Global health leaders are on alert in early 2020 as infections from a new coronavirus, originating in Wuhan, China, increase. This new global health concern brings back memories of the 2014 Ebola Virus outbreak, which originated in West Africa. In the United States, the Centers for Disease Control and Prevention (CDC) has implemented screening at several international airports and are taking proactive steps following the first confirmed patient case in the U.S.
As we examine this current global health concern, we should reflect on the ever-present potential for a public health crisis—which could also include severe flu, measles outbreak or other issues that impact a community. It is important to consider the actions that communications leaders at health systems can take to demonstrate preparation, mitigate risk and stand as leaders in the face of potential crisis.
Engage Internal Stakeholders
- Empower nurses and other frontline caregivers. Reinforce confidence in their leaders and provide insights to protect themselves, deliver care and educate the community.
- Establish lines of communication related to the unique elements of a public health crisis. Health system leaders should deliver clear and timely information, listen to questions and provide updates.
- Evaluate training protocols and adapt the unique scenarios. For example, during the 2014 Ebola Virus, many frontline caregivers raised questions over access to, and procedures for using—or “donning and doffing” —personal protective equipment and other key resources.
Proactively Address Community Questions
- Be transparent in addressing concerns and countering misinformation. Proactive presentation of information, such as screening or supplemental precautions for employees, will show proactive actions and provide education.
- Consider multi-channel outreach to reach key audiences. From in-facility posters and the messaging delivered by call centers to social, digital and traditional media, the voice of a trusted local health leader can positively influence the community.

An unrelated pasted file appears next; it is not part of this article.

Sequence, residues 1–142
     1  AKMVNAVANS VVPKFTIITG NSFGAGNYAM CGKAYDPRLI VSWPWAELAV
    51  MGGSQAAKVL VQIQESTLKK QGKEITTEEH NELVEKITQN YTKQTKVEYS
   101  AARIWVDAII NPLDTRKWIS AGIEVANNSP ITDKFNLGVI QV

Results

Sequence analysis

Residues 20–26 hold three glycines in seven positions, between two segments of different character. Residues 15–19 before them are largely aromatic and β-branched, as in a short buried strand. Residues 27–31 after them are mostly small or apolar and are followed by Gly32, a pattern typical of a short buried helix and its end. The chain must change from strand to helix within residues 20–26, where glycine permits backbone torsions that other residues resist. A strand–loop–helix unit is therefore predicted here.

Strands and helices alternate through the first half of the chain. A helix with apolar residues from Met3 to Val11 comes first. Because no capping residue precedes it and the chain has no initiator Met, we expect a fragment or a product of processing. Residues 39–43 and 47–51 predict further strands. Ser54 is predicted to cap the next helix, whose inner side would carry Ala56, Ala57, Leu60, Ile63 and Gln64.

- Maintain continuity of care and promote general health best practices. Wherever possible, reinforce a “business as usual” approach with a sustained level of quality and by positioning leadership as a champion for public and community health.
Evaluate Issues Management Protocols and Response Plans
- Establish issues mapping and escalation triggers to demonstrate when action is needed. Knowing the points of escalation that would necessitate a response enables leaders to act quickly and with confidence.
- Develop issues communications-specific response plans to guide role and communications if needed. Identifying issues ahead of time and practicing roles, response actions, audience touchpoints, communications steps and other elements will provide clarity in time of crisis.
- Anticipate the need to adapt to changes and coordinate with the most important stakeholders. The operational and communications needs will change quickly; ensuring the right mindset and team are in place to match the moves is vital.
Throughout the 2014 Ebola Virus concern, clear, timely and proactive communication was critical to empowering and reassuring care providers on the front lines and maintaining confidence among patients and local communities across the U.S. As we look to future public health challenges, whether this coronavirus or a future challenge, reflecting on lessons of the past and preparing for the future is key.